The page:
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Has Rubio lived up to expectations?
Philadelphia, PA ( - Once upon a time, Ricky Rubio looked like a sure thing. He was young, tall, athletic and just what the talent- starved Timberwolves needed.

It was a fantasy fairy tale in the making. Yet here we are, five years later, still waiting for everyone to live happily ever after.

Much like the team he plays for, Rubio has been a mixed bag this season. His assist totals are high (career-high 8.5 apg) and he's second in the NBA in steals (2.4 spg). Unfortunately, his shooting touch has been non-existent (37.6 field goal percentage) and fantasy owners are getting concerned.

Fool me once, shame on you. Fool me twice, shame on me. But what happens when you're fooled for a third time?

We're in Year 3 of the Ricky Rubio shooting nightmare and there's no end in sight. Rubio's 37.6 percent success rate, easily the worst among qualified point guards this season, is actually a career-high. He shot just 36 percent from the field last season and 35.7 percent as a rookie in 2011-12.

At an age when players should be gaining more confidence, the 23-year-old Rubio looks as tentative as ever. His 7.7 field goal attempts per game this season represents a new career-low. And that's while playing almost two minutes per game more than he did in 2012-13 (31.6 mpg compared to 29.7 last season).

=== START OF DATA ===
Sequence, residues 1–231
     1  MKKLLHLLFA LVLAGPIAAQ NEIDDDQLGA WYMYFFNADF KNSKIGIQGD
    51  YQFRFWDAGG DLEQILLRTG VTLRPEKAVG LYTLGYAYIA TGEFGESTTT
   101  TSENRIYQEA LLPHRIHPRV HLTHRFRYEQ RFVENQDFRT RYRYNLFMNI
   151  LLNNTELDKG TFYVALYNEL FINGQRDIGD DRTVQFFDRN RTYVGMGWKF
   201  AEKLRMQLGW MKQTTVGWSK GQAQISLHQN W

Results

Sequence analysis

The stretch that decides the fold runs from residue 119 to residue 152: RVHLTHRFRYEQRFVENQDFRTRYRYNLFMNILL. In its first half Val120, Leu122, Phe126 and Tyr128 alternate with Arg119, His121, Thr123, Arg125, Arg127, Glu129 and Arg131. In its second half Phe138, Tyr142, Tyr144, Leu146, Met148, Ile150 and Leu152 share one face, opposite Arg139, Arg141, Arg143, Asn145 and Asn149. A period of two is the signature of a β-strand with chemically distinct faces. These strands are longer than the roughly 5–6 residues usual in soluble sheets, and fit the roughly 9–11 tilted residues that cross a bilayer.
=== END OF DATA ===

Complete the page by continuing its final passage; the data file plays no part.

Rubio's bizarre season puts him in a unique group. Since 2003, 67 players have averaged eight or more assists per game in a season. Only five have reached that number without scoring ten or more points per game.

As you might expect, Rubio is one of them. Out of the five, Rubio's field goal percentage is the second-lowest behind Jason Kidd in 2011 (36.1). His turnover rate (2.6 TO/game) is also the group's second-worst (2.8 for Lakers guard Kendall Marshall).

Basically, the guy has underachiever written all over him. Rubio's tepid 9.0 ppg scoring average would be fine for a second-round pick but Minnesota took him at No. 5 overall in the 2009 NBA Draft. At that point, future All-Stars Stephen Curry (20.1 career ppg, 6.6 apg) and Jrue Holiday (13.5 ppg, 6.0 apg) were both still available.

If we look back at the last ten No. 5 picks, Rubio's 9.9 career ppg ranks sixth while his 36.5 percent field goal percentage is dead last. Even famous 2006 draft bust Shelden Williams (46.2 percent) has shot for a higher percentage than Rubio.

With mediocre players like Patty Mills (9.9 ppg), D.J. Augustin (12.6) and Darren Collison (11.2) all averaging more ppg than Rubio, fantasy owners shouldn't have much reason for optimism. That's especially true now that Kevin Love, Rubio's main source of assists throughout his career, could be on the move this offseason.

Of course, it's possible that Rubio could be a late bloomer. Jason Kidd shot a career-best 42.3 percent from the field in 2010 at age 37. Similarly, Rajon Rondo, a very poor outside shooter early in his career (24.4 percent on threes in his first four seasons) has at least become passable from beyond the arc (27.9 percent, career-high 24 three-pointers made in 2014).

Maybe the best is yet to come for Rubio. But more likely, the Timberwolves and fantasy owners will have to live with their mistake.

Speaking of the T-Wolves, they're two losses away from missing the postseason for the eighth year in a row. So much for happily ever after.

Comments? Criticism? Applause? Contact Jesse Pantuosco at

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